Sally Campbell

Embrace of the Serpent

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This remarkable film, set in Amazonian Colombia in the early 20th century, achieves what so many fail to — it transports you not only to another time and place, but to a different mind-set and approach to storytelling.

It is at once dreamlike as the shaman Karamakate leads his western travellers down the river in search of a hallucinogenic plant, but also political and angry in its depiction of colonialism and the social and environmental destruction it brings.

Damaging times ahead for the Tories

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The Tories' weakness over Europe is our side's potential strength, writes Sally Campbell

David Cameron “won’t last 30 seconds if he loses the referendum”, said Ken Clarke, one of the few sitting Tories who was in parliament for the last referendum on Britain’s membership of the EU’s forerunner in 1975. And whichever way the vote goes, he continued, the Tory party will struggle to unite afterwards.

Our Kind of Traitor

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The secret world of tax evasion and dirty financial dealing revealed by the Panama papers is the setting for this adaptation of John Le Carre’s 2010 novel.

Specifically, Our Kind of Traitor delves into the realm of Russian mafia and oligarchs and their connections to British financial institutions — and politicians.

There's a change in the air

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The Tory party meltdown over the past few weeks has been an edifying sight. Not since John Major’s ill-fated premiership in the 1990s have the Conservatives in power been so divided. And the funniest part is that they have largely brought it on themselves.

George Osborne’s budget lies in tatters following work and pensions minister Iain Duncan Smith’s shock resignation and the subsequent scrapping of plans to cut disability benefits, as Ellen Clifford spells out in this issue. This followed retreats on the “tampon tax” and tax credits.

The bosses Europe is not for us

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David Cameron has set the date, 23 June, for the referendum on EU membership, and there’s a whiff of panic in the air.

The Tory party is split down the middle, with important figures such as current London mayor Boris Johnson opting for the leave camp in opposition to Cameron’s desire to stay.

Big business is also taking sides. Half the FTSE 100 top companies have signed a letter putting the business case for EU membership, though the capitalist class is by no means united on this.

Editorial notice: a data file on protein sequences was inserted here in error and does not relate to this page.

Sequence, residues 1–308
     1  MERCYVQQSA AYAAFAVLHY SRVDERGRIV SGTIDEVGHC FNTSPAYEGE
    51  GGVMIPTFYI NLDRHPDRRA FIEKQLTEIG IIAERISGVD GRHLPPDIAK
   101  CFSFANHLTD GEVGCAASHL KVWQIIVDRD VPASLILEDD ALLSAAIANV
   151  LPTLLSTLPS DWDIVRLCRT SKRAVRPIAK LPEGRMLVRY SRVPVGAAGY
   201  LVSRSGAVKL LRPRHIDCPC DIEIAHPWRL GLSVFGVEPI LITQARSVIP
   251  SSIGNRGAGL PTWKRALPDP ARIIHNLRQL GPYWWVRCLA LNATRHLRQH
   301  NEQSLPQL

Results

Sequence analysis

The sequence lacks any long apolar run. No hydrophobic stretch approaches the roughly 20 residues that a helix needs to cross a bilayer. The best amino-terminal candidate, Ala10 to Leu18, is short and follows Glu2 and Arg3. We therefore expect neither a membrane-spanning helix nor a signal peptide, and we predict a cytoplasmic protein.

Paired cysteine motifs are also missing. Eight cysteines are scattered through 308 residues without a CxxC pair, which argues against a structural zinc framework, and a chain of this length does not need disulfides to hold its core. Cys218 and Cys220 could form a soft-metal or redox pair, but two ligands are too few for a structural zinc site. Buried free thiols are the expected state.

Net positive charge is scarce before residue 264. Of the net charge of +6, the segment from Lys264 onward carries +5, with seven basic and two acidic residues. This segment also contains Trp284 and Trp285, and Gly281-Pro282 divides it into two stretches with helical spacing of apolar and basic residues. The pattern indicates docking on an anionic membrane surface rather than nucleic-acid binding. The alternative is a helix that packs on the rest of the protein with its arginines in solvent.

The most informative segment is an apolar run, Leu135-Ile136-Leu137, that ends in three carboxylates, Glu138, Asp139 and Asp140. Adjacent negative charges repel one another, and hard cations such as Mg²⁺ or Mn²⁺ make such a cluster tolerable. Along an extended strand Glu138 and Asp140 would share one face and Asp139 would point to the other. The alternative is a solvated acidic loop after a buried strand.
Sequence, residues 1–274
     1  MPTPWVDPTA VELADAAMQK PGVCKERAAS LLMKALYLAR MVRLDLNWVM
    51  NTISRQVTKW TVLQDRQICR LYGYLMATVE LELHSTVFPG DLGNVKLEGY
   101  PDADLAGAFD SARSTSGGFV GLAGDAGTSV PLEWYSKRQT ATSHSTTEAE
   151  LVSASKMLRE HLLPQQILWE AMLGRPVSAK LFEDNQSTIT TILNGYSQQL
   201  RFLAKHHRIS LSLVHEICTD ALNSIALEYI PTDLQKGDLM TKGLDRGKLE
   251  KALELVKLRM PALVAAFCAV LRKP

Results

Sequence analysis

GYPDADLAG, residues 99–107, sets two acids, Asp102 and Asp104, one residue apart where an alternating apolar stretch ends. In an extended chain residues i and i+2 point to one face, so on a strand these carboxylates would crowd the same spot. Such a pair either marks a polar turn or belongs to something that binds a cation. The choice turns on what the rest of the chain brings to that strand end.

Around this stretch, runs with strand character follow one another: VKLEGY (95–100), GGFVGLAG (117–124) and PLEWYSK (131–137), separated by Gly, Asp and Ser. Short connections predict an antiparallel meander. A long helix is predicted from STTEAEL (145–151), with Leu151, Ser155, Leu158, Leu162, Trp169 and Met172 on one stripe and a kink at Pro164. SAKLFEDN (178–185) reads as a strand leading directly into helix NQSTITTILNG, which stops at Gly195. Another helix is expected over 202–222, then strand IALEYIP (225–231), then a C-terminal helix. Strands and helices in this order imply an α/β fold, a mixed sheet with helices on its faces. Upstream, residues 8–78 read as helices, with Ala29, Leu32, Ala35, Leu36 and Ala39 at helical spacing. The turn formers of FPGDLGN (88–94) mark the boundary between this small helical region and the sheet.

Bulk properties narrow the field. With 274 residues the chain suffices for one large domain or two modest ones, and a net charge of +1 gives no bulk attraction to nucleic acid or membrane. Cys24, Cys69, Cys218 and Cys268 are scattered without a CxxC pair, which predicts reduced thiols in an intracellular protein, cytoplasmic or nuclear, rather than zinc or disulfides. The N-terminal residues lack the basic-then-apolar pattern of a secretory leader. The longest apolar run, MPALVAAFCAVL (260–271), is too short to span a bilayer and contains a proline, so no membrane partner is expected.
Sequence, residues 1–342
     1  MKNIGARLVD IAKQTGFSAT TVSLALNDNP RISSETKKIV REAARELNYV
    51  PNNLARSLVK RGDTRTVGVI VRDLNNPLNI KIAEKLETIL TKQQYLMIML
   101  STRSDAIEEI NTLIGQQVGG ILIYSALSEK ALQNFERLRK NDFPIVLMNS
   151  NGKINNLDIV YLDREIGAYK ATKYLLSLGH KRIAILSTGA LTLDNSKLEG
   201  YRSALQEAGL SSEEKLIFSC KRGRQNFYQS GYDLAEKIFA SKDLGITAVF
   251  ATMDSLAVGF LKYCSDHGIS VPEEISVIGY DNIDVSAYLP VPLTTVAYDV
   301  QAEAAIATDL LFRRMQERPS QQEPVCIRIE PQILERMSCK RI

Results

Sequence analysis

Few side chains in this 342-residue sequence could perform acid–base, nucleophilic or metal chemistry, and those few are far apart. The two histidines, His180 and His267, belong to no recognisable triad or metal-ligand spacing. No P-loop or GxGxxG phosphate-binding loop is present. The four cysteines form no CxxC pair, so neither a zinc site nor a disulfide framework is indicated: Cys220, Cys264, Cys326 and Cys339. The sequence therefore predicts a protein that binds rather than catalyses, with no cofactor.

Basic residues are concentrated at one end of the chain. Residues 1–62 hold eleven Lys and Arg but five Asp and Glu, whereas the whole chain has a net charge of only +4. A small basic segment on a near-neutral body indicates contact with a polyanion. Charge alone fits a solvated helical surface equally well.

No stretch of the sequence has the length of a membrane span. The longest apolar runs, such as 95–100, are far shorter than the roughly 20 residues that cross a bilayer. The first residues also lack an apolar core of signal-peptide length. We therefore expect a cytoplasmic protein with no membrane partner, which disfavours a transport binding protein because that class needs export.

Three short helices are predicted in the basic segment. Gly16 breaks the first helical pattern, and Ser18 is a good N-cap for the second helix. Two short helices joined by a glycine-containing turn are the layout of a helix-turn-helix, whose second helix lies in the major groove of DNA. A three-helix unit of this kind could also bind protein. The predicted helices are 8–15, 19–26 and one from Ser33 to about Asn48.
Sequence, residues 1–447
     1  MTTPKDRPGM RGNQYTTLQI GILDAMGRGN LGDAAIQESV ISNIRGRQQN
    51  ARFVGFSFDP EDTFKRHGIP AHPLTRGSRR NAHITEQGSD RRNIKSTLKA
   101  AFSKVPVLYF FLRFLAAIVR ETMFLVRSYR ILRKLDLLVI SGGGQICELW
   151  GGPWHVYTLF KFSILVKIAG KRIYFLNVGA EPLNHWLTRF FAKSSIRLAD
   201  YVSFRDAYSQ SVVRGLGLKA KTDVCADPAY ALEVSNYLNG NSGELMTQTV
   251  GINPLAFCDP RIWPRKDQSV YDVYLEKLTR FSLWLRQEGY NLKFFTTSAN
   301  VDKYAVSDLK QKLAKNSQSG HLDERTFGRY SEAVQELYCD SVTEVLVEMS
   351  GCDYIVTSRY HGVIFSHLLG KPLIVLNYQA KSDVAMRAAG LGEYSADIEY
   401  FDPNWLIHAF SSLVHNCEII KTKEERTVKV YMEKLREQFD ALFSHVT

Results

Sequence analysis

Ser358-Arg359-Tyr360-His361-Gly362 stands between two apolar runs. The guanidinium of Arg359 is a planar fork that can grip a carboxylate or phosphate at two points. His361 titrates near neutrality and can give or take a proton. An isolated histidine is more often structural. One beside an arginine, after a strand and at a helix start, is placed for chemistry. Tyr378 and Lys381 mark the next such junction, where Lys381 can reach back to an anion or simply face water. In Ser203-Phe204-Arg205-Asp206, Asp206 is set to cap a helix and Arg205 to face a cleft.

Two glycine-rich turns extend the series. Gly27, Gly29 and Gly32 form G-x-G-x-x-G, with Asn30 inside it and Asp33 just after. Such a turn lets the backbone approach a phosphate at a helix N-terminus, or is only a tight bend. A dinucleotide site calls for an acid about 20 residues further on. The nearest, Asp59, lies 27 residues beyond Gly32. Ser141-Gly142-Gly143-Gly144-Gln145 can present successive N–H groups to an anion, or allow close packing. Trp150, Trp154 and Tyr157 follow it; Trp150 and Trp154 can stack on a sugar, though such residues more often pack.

Editorial: Racist offensive can be countered

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Hate crime rose a staggering 18 percent in the year to October, with 83 percent of the increase fuelled by racist incidents. Official Home Office statistics reveal that another 11 percent of the increase was driven by bigotry and homophobia, 6 percent by religious hatred, 5 percent by incidents against disabled people and 1 percent involving attacks on transgender people.

Editorial: Signs of life

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Anti-war movement

Heading into 2016 we are confronted with a world characterised by continuing war and chaos in the Middle East, a refugee crisis exacerbated by those wars, and a racist offensive at home feeding off both of these situations.

This issue of Socialist Review attempts to tackle all of these factors, and show how they are linked — as well as, crucially, suggesting how we can challenge them.

Deutschland 83

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This eight-part spy thriller is said to be auguring a golden age for German TV — and it’s been a long time coming.

The series will air on Channel 4 and is the first show to launch its video-on-demand service for “quality foreign television”, Walter Presents, a strand of the online platform All4.

In recent years the British audience for “Scandi noir” has expanded to welcome French and Italian thrillers, but there’s been nothing from Europe’s economic powerhouse.

Kill the Tory Trade Union Bill

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November is set to be a crucial month for trade union members in Britain. With the third reading of the Tories’ Trade Union Bill due to take place this month we have a fight on our hands to defend our rights.

And this fight is not abstract — steel workers now fighting to defend their livelihoods, junior doctors taking to the streets in their tens of thousands, and public sector workers facing the eleventh year of pay restraint, all desperately need strong collective struggles.

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